MS. HENDERSON: Uh-huh (affirmative). Absolutely. There -- I work directly with the tribes -- 20 tribes here in the Bering Straits Region, and -- regarding the Indian Child Welfare Act, and asserting their rights in state courts -- state court proceedings; and I believe it's time for a change. You know, you get sick and tired. This -- I hear this all the time. You're sick and tired. I'm sick and tired of being sick and tired. We want to see something done. But that's all that's said. We're the ones that have to do it; that does -- the Native community has to become unified against the problems that we face, and come up with our own solutions; and that's what I tell people in the villages. It's their problem; take ownership of it; and you come up with your own solution; and I guess that’s -- the villages here in this region are very diverse in their peoples and their problems.

COMMISSIONER ELLIOTT: Well that, as you know, I hope, is the real purpose of this Commission. It's not to impose solutions. It's not to even try and find solutions outside of those which the Native people themselves can propose, evaluate, act on, and so on.

MS. HENDERSON: Definitely, that in the creation of solutions and programs to come up with these solutions, I'm certainly hoping that the goal wouldn't be too far to reach, so we don't set up -- set ourselves up for failure.

COMMISSIONER ELLIOTT: Uh-huh (affirmative).

MS. HENDERSON: Of course, in taking on the responsibilities of our problems in our Native communities that that's, I guess, the only fear that we have is fear itself, at this point. There hasn't been - - there haven't been very many solutions that have totally fixed problems in the past; and I suppose it's time for a great change, for the people to come up with their own solutions to their own problems.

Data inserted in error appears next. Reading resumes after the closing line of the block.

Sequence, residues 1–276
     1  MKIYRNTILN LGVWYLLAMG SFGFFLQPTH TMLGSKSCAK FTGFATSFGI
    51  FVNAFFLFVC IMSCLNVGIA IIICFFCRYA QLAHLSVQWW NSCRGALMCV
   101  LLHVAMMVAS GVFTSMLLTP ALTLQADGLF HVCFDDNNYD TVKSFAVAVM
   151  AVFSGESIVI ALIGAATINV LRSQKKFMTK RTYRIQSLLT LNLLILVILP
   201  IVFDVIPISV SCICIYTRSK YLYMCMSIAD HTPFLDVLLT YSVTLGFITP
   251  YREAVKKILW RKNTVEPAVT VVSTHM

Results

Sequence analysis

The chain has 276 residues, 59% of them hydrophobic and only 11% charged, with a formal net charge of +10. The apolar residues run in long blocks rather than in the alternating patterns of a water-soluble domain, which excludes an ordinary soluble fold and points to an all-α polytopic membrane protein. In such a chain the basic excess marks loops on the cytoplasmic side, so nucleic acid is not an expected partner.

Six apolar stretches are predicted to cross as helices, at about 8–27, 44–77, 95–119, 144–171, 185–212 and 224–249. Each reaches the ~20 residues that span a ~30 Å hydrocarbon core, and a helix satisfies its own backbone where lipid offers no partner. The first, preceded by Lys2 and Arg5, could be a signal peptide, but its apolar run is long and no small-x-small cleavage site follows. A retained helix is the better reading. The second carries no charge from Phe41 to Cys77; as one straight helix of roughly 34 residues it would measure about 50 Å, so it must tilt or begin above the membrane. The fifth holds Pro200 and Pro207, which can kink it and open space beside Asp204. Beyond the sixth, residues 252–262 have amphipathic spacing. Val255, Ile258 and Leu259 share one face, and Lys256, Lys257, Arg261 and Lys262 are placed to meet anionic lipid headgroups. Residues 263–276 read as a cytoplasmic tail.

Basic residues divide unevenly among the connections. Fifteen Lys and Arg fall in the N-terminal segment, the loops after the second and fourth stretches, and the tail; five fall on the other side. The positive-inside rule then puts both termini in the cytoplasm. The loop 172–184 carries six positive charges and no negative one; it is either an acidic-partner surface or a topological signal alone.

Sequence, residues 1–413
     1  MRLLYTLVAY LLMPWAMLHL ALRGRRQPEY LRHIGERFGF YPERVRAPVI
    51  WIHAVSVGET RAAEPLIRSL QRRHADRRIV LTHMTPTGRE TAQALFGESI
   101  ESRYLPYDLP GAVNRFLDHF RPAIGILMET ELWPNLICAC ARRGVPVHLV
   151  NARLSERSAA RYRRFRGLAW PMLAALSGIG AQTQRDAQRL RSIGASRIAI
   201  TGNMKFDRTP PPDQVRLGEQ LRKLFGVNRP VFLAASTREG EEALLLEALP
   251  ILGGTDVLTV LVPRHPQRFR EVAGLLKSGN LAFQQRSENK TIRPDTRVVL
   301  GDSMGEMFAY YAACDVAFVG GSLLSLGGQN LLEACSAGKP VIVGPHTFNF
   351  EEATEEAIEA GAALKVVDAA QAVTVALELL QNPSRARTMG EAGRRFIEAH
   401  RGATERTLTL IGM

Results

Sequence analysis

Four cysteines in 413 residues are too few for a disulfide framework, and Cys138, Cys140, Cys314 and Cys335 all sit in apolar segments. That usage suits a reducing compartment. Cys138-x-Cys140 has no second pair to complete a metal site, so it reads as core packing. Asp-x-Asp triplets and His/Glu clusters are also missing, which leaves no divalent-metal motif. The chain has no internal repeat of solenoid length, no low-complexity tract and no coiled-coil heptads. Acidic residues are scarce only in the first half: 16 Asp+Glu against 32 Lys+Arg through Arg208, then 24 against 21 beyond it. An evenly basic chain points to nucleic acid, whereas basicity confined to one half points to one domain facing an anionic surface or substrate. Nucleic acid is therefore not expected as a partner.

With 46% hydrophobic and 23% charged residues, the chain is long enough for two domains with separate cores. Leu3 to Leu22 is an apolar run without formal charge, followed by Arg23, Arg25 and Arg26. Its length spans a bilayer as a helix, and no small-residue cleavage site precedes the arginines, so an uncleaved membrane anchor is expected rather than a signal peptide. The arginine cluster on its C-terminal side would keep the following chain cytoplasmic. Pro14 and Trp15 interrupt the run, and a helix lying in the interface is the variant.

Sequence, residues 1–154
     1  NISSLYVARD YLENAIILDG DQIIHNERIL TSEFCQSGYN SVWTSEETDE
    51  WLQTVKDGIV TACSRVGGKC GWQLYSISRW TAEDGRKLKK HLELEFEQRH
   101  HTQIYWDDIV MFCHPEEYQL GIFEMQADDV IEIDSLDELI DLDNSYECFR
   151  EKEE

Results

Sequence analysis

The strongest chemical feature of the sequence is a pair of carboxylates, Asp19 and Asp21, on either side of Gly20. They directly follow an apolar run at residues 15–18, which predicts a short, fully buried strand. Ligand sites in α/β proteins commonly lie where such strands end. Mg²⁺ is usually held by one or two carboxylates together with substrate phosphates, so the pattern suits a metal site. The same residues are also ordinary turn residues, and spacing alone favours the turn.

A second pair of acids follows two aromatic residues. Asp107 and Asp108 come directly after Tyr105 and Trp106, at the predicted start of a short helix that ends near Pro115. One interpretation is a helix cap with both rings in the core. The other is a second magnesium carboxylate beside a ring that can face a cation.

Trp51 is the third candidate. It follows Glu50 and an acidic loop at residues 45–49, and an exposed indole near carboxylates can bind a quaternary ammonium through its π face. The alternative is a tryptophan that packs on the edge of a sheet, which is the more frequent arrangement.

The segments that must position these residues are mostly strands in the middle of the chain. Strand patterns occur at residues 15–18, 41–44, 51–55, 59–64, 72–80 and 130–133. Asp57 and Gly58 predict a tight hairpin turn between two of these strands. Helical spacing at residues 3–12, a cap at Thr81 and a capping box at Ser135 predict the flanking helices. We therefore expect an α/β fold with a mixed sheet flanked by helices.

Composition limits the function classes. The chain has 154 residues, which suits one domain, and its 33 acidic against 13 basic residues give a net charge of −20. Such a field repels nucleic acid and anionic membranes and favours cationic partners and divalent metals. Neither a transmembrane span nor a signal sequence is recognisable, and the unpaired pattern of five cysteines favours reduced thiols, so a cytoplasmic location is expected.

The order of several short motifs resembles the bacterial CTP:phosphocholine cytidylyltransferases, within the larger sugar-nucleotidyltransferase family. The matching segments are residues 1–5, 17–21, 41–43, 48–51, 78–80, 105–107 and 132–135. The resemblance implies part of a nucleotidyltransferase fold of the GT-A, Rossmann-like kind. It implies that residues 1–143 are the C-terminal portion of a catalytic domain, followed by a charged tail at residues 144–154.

MR. IRWIN: Can -- I have a question. Going back specifically to the Indian Child Welfare Act, you know, it's been -- what? -- 14 years now, I think, since it was first passed by Congress; and at least the way I have -- I've always understood it is there were two key goals to be achieved by that. One was to try and reverse the ages old trend of chil -- Native children going either into foster and/or into adoptive homes that were not of their own culture -- mainly going into White America. And then, second of all, to bring the villages, through the tribal government, into that decision-making process, and empowering communities in that way.

Do you think that we're even close to having achieved either of those; and, if not, it -- and then, I guess, the second part to it -- that kind of gives my own feeling on it, which is I don't think we've come that close. How is the State -- how does the State factor in? And I know when I worked in that area, 10, 12 years ago, that was the real difficulty that we had was foster care is controlled by the State, --

MS. HENDERSON: Uh-huh (affirmative).